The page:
The ancient Egyptians, like their modern counterparts, suffered from eye diseases called ophthalmias that could lead to blindness. Because ophthalmias are transmitted by flies, they occur primarily in the summer when the insects are most abundant in Egypt.
This box belonged to a physician who treated seasonal eye diseases. Each of the three compartments contained a powder for one of the seasons of the Egyptian year—winter, "inundation" (flood), and summer. The hieroglyphs on the exterior state that the summer powder remedied "running ophthalmia."
- Medium: Wood
- Place Made: Egypt
- Dates: ca. 1938-1700 B.C.E. or later
- Dynasty: XII Dynasty-early XIII Dynasty
- Period: Middle Kingdom
- Dimensions: 2 1/16 x 2 15/16 x 1 1/4 in. (5.3 x 7.5 x 3.1 cm) (show scale)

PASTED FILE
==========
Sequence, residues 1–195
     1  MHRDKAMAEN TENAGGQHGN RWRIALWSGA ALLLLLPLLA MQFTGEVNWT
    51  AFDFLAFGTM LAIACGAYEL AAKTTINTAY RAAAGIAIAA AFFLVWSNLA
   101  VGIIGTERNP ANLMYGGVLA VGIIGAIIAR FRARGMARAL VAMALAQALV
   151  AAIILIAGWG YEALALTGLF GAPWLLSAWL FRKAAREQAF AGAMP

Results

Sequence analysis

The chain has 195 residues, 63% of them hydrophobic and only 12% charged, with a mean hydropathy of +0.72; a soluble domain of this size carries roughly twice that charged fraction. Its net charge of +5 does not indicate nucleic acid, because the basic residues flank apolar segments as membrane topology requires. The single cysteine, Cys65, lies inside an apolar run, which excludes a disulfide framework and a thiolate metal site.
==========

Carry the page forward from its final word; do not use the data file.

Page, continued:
- Collections:Egyptian, Classical, Ancient Near Eastern Art
- Museum Location: This item is on view in Egypt Reborn: Art for Eternity, Old Kingdom to 18th Dynasty, Egyptian Galleries, 3rd Floor
- Accession Number: 16.77
- Credit Line: Gift of Evangeline Wilbour Blashfield, Theodora Wilbour, and Victor Wilbour honoring the wishes of their mother, Charlotte Beebe Wilbour, as a memorial to their father, Charles Edwin Wilbour
- Rights Statement: Creative Commons-BY
- Caption: Physician's Box, ca. 1938-1700 B.C.E. or later. Wood, 2 1/16 x 2 15/16 x 1 1/4 in. (5.3 x 7.5 x 3.1 cm). Brooklyn Museum, Gift of Evangeline Wilbour Blashfield, Theodora Wilbour, and Victor Wilbour honoring the wishes of their mother, Charlotte Beebe Wilbour, as a memorial to their father, Charles Edwin Wilbour, 16.77. Creative Commons-BY
- Catalogue Description: Container for three kinds of eye ointment; inscribed on both sides.
- Record Completeness: Best (82%)